President Lincoln had made repeated demands upon Great Britain for indemnity for losses to our citizens from the depredations of the Alabama, and other cruisers constructed and equipped in English ports since the commencement of the war. Though refused by the British Government, Mr. Lincoln never relinquished the demand. It was specially renewed at this time, with a manifest determination to press the matter to a favorable determination.
On the 11th of April, Lynchburg was surrendered to a scouting party from Griffin's division of the Fifth Army Corps, and McKenzie's brigade of cavalry was ordered to occupy the place. Gen. Sherman was now moving on Raleigh, with little opposition, Johnston falling back before him. This advance was commenced by order of Gen. Grant, from Burkesville, with the apparent object of preventing a junction between Johnston and Lee, should the latter succeed in escaping Sheridan
and getting off toward Danville. Sherman occupied Raleigh
on the 13th. Gen. Canby captured Mobile on the following day. Gen. Wilson, having taken Selma, was raiding through Alabama and Georgia at will. Everywhere our arms were triumphant, and each Rebel army-it was now certain-must speedily follow the example of that in Virginia, under the Rebel General-in-Chief. President Lincoln accordingly determined on an immediate reduction of the military force in the field, as announced in the following dispatch:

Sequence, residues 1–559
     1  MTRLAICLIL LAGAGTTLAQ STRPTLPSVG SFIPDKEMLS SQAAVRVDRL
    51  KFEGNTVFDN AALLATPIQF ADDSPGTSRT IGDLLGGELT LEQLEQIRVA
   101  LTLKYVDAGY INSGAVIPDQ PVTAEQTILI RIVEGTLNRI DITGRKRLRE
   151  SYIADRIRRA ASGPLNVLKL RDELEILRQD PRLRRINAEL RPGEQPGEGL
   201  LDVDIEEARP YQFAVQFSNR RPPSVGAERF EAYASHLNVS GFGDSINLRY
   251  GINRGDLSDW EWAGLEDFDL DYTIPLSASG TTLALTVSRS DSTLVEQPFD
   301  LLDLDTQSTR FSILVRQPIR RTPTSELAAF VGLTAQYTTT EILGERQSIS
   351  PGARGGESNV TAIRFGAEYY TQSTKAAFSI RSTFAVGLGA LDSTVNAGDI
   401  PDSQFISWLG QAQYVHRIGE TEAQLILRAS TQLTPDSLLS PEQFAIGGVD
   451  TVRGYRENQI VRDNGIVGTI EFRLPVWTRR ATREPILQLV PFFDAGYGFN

WAR DEPARTMENT, WASHINGTON,
Maj-Gen. Dix, New York:
The Department, after mature consideration and consultation with the Lieutenant-General upon the results of the recent campaign, has come to the following determination, which will be carried into effect by appropriate orders, to be issued immediately:
1. To stop all drafting and recruiting.
2. To curtail purchases for arms, ammunition, Quartermaster and Commissary supplies, and reduce the expense of the military establishment in its several branches.
3. To reduce the number of general and staff officers to the actual necessities of the service.